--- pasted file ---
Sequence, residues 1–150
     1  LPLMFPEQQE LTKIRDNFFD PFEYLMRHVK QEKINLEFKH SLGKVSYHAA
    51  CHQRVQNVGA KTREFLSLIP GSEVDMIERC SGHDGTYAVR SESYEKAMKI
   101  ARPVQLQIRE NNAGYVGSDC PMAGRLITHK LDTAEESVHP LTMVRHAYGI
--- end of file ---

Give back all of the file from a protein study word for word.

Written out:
Sequence, residues 1–150
     1  LPLMFPEQQE LTKIRDNFFD PFEYLMRHVK QEKINLEFKH SLGKVSYHAA
    51  CHQRVQNVGA KTREFLSLIP GSEVDMIERC SGHDGTYAVR SESYEKAMKI
   101  ARPVQLQIRE NNAGYVGSDC PMAGRLITHK LDTAEESVHP LTMVRHAYGI